Born into the Musical Family of a foremost Music Educator in Lagos, Mr. Ebenezer Omole, young Ayo was not interested in Music initially. However, his father as a Music Teacher wanted him to have a basic knowledge of Music. Surprisingly, it grew into passion and Ayo decided to follow it through.

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He then Joined  the church choir and boys Brigade and would later proceed to study music under his father’s tutelage at the Classique School of Music, owned by him. Whilst in Igbobi College Yaba, Music was also a core part of the school’s curriculum and so he also enjoyed learning music in secondary school.
The older Ayo grew, the hungrier he became for more knowledge in Music. He enrolled at the Muson Basic School where he studied Theory and Practicals and also passed graded exams in flying colours. He then moved on to higher Institutions of learning at the Lagos State University and the University of Ado Ekiti where he bagged certificates in Music.

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Ayo playing in a summer class abroad

At the Classique school of Music and also at the Boy’s Brigade, Ayo learnt how to play horns. Today, he has mastered the Brass instrument having acquired a distinctive tone and technique.

With Mr. Ebenezer Omole controlling the affairs Musically at home, and for Ayo and two of his siblings, Music was more like a way of life, they would practically infuse Music into their daily dealings. It was part of everyone in the family.
His younger brother plays all Brass Instruments, Woodwinds and Piano. The last of them all, his younger sister, plays the Piano and Violin.

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Ayo on the Tenor Saxophone and Organ

Ayo recounts that they had Music education on a platter of Gold, as his father was ready to travel the whole world in search of music materials and instruments for their training.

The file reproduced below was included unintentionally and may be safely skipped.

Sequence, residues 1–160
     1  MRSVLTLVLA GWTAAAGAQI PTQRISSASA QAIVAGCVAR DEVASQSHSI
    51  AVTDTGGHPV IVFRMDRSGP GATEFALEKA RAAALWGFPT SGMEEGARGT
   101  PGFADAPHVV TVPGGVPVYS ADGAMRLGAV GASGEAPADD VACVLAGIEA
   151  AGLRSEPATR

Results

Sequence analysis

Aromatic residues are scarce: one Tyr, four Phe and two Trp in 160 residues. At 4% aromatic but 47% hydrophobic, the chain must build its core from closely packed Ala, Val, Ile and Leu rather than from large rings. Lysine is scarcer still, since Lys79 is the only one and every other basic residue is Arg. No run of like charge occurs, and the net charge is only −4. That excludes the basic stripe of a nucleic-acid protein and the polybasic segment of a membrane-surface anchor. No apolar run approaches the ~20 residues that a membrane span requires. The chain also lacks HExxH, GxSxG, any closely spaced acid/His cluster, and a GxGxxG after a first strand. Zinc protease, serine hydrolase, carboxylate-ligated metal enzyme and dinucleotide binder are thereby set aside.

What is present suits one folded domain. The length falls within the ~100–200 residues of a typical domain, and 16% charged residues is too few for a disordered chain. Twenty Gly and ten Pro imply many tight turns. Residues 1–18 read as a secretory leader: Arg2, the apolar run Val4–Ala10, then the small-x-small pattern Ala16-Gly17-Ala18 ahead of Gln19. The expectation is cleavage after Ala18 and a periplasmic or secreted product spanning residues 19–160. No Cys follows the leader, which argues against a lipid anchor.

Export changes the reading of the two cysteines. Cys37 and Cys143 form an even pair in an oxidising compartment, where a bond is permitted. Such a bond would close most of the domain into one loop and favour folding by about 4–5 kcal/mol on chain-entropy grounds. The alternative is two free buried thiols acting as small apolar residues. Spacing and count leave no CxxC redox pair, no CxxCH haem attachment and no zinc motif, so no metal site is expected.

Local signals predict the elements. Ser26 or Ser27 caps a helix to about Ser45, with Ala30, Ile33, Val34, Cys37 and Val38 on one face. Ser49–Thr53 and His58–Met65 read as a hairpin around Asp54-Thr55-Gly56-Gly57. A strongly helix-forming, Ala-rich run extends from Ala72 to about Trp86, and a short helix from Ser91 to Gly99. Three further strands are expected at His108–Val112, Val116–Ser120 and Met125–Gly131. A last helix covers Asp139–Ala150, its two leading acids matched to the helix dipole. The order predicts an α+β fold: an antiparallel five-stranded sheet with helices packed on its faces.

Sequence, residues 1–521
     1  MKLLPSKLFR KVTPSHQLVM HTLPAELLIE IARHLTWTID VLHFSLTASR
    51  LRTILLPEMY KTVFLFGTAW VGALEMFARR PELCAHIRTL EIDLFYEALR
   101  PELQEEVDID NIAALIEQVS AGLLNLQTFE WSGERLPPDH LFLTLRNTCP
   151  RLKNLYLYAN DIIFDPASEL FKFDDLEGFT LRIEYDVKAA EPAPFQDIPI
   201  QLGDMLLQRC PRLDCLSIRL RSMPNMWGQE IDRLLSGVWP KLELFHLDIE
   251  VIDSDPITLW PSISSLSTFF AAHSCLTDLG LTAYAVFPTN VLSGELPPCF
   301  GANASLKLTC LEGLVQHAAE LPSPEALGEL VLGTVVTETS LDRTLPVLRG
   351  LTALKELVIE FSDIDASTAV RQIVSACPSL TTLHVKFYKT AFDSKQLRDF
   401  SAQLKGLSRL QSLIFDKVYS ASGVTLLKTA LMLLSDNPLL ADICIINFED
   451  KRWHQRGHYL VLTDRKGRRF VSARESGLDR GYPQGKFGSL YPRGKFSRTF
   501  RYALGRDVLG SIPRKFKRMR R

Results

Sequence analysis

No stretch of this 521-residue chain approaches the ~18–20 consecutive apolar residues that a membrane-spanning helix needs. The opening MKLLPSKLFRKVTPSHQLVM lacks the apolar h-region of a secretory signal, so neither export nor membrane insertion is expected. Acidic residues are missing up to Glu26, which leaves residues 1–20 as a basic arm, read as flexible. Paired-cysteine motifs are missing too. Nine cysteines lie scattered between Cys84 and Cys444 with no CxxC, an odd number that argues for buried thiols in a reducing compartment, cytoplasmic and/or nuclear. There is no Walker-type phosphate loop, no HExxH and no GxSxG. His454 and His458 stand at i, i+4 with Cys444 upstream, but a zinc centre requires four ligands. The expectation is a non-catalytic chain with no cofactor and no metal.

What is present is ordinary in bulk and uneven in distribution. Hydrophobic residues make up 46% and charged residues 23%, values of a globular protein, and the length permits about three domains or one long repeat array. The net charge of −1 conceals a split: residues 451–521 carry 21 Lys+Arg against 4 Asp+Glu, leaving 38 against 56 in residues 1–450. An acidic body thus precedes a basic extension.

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He holds several certificates in Music from Muson, Trinity college of Music and ABRSM London, up to grade 8 level. His hunger for knowledge grows the more by the day, as he constantly attends conferences and short term courses yearly, to upgrade himself.
He also holds a Diploma in Music from the Lagos State University, LASU and a Bachelor of Arts (Education) degree from the University of Ado Ekiti.

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Ayo in a various conferences in Europe, test-playing horns.

Ayo Omole is the Director of Music at St Paul’s Anglican Church, Idi-Oro, Lagos,
Captain, Boy’s Brigade of St Paul’s Anglican Church, Idi-Oro, Lagos,
Band Director, Anglican Communion Boy’s Brigade,
Head of Music, Lagos State Boy’s Brigade, and
Music Director, St. Saviours School, Ikoyi, Lagos.

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One of his numerous female students playing the Trumpet

Ayo plays the Tenor and Alto Saxophone, Horns, Piano and Organ.

Please put your hands together for this Conductor, Music Teacher, Music Director and Multi Instrumentalist; Ayodele Omole.

I CELEBRATE YOU TODAY!

Ifediora, Obinna Maurice
(Baritone)

30 Adenrele Street,
Egbeda Akowonjo,
Lagos, Nigeria.
(±234) 708-708-6669
(+234) 706-338-3135

dasuGarboi@yahoo.com
obislim.baritone@yahoo.com

OGA! PAY ME MY MONEY